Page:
Why hospitality is one of the most flexible education streams of today

New Delhi | Published: April 22, 2019 1:24:36 AM

The world we’re living in today would have been hard to picture just two or three decades ago.

education, hralth, hospitalsWhile 50% of graduates do end up working in hotels in some capacity, the remaining half are dispersed amongst some of the most booming industries in today’s world.

By Dilip Puri

The world we’re living in today would have been hard to picture just two or three decades ago. We’re living in an era of entrepreneurs who have changed our landscape and daily lives. They’ve changed the way we travel to a night out with our friends, or order food after a long day at work, or even buy groceries for our house. Our lives are more flexible; we’re more used to change and we look forward to new challenges.

In turn, if the world we’re living in is making us more adaptable, why can’t education be the same, too? Let’s take a look at a few notable people who are currently influencing the modern business landscape. What do the CEO of Montreux Jazz Festival, Mathieu Jaton, and the CEO of Rothschild Banking, Laurent Gagnebin, have in common? While they’re both in vastly different industries—one is in entertainment while the other is in banking—they both share a common education. Hospitality education.

So, how did two individuals who studied the same thing end up in such vastly different career streams? When it comes to hospitality graduates, ending up in something other than hotels isn’t an exception—it’s the norm.

The world’s top ranked hospitality institute, École hôtelière de Lausanne, conducted research on where their graduates end up excelling—and the results speak for themselves.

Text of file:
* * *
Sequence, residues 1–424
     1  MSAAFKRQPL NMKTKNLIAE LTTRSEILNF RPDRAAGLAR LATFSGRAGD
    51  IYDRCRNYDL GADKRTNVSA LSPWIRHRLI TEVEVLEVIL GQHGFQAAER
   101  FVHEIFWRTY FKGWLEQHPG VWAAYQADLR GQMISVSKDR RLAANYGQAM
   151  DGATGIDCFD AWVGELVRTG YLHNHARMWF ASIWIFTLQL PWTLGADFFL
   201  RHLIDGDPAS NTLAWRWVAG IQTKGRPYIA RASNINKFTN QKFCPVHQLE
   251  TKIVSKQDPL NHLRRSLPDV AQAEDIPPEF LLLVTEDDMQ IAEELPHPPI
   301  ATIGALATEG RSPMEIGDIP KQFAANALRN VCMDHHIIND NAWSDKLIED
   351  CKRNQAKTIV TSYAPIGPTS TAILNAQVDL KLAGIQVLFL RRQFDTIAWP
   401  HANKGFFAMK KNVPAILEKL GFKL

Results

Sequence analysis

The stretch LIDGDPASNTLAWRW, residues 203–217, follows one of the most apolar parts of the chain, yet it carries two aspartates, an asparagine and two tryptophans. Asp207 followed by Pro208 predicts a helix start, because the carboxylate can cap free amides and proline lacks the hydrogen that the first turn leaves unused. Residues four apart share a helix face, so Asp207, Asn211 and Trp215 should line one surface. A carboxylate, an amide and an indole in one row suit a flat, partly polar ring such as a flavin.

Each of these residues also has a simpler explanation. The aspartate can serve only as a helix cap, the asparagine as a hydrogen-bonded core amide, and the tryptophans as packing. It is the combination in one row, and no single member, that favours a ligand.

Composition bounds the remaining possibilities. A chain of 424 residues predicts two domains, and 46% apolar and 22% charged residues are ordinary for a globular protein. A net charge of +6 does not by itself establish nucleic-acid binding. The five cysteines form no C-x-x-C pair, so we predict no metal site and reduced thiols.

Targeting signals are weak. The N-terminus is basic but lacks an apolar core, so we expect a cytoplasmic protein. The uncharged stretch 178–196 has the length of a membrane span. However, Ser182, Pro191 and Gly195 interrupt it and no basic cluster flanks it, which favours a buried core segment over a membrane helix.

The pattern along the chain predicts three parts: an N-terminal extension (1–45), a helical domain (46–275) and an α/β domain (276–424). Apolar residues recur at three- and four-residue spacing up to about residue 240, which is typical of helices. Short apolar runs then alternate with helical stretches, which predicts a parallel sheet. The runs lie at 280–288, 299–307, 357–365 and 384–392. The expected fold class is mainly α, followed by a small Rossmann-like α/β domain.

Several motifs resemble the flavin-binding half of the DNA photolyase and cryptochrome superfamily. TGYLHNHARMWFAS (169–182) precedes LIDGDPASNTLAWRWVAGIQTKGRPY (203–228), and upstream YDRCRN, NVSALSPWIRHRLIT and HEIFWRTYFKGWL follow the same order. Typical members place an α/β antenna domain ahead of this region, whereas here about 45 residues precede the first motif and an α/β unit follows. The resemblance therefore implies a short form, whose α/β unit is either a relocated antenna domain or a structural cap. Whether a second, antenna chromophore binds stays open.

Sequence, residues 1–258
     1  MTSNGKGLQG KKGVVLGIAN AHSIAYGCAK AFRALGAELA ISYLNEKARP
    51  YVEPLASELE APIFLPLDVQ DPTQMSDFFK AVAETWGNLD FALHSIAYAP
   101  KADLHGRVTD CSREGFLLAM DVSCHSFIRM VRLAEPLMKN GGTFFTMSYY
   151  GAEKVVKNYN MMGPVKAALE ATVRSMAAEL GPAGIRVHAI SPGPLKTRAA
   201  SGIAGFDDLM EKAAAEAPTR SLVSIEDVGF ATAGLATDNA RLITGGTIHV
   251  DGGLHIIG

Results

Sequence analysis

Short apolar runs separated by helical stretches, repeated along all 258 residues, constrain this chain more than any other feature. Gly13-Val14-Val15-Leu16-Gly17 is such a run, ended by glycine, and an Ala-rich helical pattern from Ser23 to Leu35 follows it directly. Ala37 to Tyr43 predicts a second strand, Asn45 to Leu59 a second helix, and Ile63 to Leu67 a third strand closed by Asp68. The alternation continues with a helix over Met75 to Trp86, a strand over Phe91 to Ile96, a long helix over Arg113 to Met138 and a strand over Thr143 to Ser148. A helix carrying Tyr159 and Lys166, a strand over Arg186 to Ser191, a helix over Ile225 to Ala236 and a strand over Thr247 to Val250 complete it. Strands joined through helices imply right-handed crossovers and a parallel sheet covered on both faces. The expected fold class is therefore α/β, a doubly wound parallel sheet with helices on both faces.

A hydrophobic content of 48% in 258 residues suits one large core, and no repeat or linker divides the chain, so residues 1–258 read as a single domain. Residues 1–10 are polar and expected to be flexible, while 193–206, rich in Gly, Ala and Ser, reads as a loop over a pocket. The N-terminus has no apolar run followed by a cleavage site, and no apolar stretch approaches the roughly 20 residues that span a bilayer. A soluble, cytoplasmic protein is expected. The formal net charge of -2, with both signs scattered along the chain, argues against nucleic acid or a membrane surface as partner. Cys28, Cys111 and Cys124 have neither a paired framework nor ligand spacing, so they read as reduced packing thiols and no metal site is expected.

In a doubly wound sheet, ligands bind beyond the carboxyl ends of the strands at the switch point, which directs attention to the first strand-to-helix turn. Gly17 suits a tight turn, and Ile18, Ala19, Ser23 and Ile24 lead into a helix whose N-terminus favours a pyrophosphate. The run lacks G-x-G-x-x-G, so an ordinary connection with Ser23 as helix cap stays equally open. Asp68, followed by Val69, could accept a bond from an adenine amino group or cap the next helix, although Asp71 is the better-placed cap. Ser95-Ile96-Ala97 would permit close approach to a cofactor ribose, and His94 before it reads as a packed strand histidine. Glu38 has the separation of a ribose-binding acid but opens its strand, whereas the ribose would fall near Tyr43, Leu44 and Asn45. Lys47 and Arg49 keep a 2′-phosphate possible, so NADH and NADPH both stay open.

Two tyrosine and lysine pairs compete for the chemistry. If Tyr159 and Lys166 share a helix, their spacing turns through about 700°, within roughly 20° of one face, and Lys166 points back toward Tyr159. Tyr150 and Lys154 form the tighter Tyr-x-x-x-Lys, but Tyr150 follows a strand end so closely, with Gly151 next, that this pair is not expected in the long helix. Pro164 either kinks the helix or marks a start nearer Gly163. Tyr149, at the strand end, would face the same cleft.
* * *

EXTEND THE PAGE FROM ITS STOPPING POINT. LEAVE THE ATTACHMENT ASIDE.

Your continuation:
While 50% of graduates do end up working in hotels in some capacity, the remaining half are dispersed amongst some of the most booming industries in today’s world. How does one education give graduates so many options? The answer is a curriculum that focuses on business, entrepreneurship and life skills over a rigid, fixed set of skills.

At the heart of hospitality education, you’ve got a programme that is designed to give students a foundation in business knowledge—with modules in human resources, accounting, marketing, economics and revenue management. On top of that, you’ve got soft skills, communication, leadership and customer service. Add on to that an introduction to entrepreneurship and entrepreneurial thinking and planning, and you’ve got an education that can be tweaked and adapted to almost any of today’s most popular industries. Because of this three-pronged approach, hospitality graduates are some of the most flexible professionals entering the market. They’ve received an education that can immediately place them in a managerial position in any job that has a strategic, service focused element. They’ve got the toolkit to know how to deliver and measure consumer happiness, set new targets and pick apart the business to know where to improve and adapt. Forget being limited to just hotels—these graduates have the freedom to join more streams than graduates of most traditional programmes.

It’s time to forget the concept of hospitality meaning just hotels. Hospitality education is broad, multifaceted and flexible. It’s an education that’s tailor-made for the dynamic world we’re living in today. It’s an education that gives you the freedom to choose your future in numerous industries and the skills you need to forge your own path if you so wish. It’s time to embrace the world we’re living in and open our minds to the world of opportunities offered by non-traditional education streams—especially those as multidimensional as hospitality.

The author is founder & CEO, Indian School of Hospitality, Gurgaon

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